Hence Pearl Harbor when Imperial Japan forgot that when something big and powerful is asleep you should never poke it with a sharp stick, coz when it wakens up it will kick the crap right out of you!
And hence, the North Koreans are not afraid of taking on America. They should be, but they aren’t, which again makes some kind of attack more possible the more they are backed into a corner.
Thankfully there are some signs that Washington might be getting the message and preparing to step back from the rapidly approaching brink.American officials have reportedly decided to “pause” the recent show of US force in Korea because
– wait for it, it’s a good one –
they are surprised at the intensity of the North’s response.
I mean who could have seen that coming? Well the answer is just about everyone except for the cretins in Washington!
What is surprising, however, is that the most sense talked about the whole affair recently has been from the world’s number one cigar salesman, Fidel Castro. In fact, make that doubly surprising, in that he has said some things that I am in agreement with and that he is still around to say it!
He said “If a war breaks out there, there would be a terrible slaughter of people” in both North and South Korea “with no benefit for either of them.” And also that the “duty” to avoid the conflict is in the hands of Washington “and of the people of the United States.”
Castro hasn’t quite figured out that once elected US Presidents do whatever THEY want, not whatever the PEOPLE want.
But what he must have figured out is that politicians like to be liked because he also warns President Obama that his second term, “would be buried in a deluge of images that would portray him as the most sinister personality in the history of the United States.”
Equally, he cautions the North Koreans that now they have, demonstrated their “technical and scientific advances, we remind them of their duties with those countries that have been their great friends.” And he urged them to remember that “such a war would affect … more than 70 per cent of the planet’s population,” and decried “the gravity of such an incredible and absurd event” in such a densely populated region.
Do you think he is hankering after one of those Nobel Peace Prizes, like the one Obama got for not being George W Bush?
And who knows what is going to happen in the Koreas?
I’ve been doing puns for a while now and it seems that a lot of other people like them too. I just can’t figure out the reason. I mean the jokes themselves are, to say the least, sometimes contrived and quite bad. Yet people groan, grimace and laugh and come back for more – me included, I’m just not sure why.
If you think you have the answer do let me know.
Meantime enjoy this week’s selection.
The other day someone left a piece of silly putty in my house. I didn’t know what to make of it.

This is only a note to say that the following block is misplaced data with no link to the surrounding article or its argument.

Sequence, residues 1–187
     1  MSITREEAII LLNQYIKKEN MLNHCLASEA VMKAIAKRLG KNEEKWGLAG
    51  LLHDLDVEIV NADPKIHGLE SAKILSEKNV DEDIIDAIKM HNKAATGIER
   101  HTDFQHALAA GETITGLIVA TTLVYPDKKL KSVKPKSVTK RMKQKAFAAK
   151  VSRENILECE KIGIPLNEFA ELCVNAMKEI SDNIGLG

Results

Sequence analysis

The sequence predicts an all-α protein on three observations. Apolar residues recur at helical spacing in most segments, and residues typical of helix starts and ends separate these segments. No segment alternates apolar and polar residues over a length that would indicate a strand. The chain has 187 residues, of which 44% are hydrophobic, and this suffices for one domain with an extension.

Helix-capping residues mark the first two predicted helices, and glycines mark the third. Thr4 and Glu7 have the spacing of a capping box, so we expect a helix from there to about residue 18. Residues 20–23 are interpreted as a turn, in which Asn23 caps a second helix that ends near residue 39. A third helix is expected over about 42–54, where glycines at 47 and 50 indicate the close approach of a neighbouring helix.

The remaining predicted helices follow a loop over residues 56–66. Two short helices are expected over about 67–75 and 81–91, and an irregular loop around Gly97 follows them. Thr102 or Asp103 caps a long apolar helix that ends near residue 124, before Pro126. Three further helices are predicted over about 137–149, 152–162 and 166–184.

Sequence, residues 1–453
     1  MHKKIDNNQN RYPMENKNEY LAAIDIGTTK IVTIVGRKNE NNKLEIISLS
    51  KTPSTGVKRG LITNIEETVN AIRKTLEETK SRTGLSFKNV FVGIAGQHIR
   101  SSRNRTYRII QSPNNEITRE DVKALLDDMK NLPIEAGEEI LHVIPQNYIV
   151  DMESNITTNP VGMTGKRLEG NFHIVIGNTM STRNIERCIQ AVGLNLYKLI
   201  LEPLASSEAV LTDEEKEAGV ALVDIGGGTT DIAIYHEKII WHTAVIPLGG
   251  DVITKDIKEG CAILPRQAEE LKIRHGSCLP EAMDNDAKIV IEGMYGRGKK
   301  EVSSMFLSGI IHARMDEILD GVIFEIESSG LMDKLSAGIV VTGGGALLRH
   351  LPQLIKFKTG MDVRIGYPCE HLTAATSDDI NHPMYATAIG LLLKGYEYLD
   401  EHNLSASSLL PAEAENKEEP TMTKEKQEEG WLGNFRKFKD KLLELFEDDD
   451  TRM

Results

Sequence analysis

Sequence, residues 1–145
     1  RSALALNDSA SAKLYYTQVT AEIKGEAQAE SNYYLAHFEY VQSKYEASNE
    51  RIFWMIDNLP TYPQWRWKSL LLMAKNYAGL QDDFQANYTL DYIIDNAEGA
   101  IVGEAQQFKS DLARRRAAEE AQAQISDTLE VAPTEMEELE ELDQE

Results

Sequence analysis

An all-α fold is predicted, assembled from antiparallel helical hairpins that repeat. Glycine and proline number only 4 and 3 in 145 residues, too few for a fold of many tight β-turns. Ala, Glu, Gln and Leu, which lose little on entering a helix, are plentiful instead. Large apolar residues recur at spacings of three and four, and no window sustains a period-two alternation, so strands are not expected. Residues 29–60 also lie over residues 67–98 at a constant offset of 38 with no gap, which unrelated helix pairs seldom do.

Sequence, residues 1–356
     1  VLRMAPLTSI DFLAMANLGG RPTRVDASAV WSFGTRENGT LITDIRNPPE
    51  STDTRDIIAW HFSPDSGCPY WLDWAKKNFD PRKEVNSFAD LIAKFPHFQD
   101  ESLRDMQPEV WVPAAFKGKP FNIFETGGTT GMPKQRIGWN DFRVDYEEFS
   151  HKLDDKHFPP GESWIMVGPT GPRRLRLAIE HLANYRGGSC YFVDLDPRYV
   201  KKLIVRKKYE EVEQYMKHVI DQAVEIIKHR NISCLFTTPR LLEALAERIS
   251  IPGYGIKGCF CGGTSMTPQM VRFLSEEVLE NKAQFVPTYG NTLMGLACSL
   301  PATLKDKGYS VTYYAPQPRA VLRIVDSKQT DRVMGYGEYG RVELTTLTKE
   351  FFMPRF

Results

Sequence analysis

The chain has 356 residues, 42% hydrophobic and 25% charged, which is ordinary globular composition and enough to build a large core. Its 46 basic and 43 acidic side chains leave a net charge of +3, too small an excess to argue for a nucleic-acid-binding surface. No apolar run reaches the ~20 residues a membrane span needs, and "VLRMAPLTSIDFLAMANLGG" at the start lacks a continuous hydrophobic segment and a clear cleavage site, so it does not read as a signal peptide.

My wife has left me because I am a compulsive gambler. I’d do anything to win her back.
Some people are making Rapture jokes like there’s no tomorrow.
Tea is for mugs.
Did you hear about the physics student who couldn’t understand quantum theory? He was thicker than a Planck!
A woman was attacked by a troupe of mime artists. They performed unspeakable acts on her.
Wind turbines. I’m a big fan.
NBC News: Two pedestrians die in collision. How fast must they have been walking?
Don’t you just hate it when people think there clever but use the wrong grammar?
Iraq drastically needs to reduce its car bomb footprint.
A book just fell on my head. I’ve only got myshelf to blame.
“So, how’s life in North Korea?”
“Well, I can’t complain.”
How do you find a blind man in a nudist colony? It’s not hard.
Cocaine is never a solution. Unless, of course, you dissolve it in water.
I got a phone call from electric company to say my bill was outstanding. I said, “Thanks!”
I often say to myself, “I can’t believe that cloning machine worked!”
When my girlfriend said she was leaving because of my obsession with The Monkees, I thought she was joking. And then I saw her face.
I haven’t had a rant for a while, so one is long overdue. Here it is.
I’m sure hardly anybody noticed, but last week the bureaucrats in Washington effectively shut down the web site Intrade for US citizens. Intrade was the popular web site that any adult, including Americans, could use to wager on the future price of certain commodities, like gold or oil.
Effectively the bureaucrats have now made it illegal to solicit Americans to buy and sell commodity options contracts unless they are listed on an exchange registered with them or on one designated as legally exempt by them, and they have taken upon themselves the power to regulate nearly any commodity-related activity unless Congress provides a specific exemption.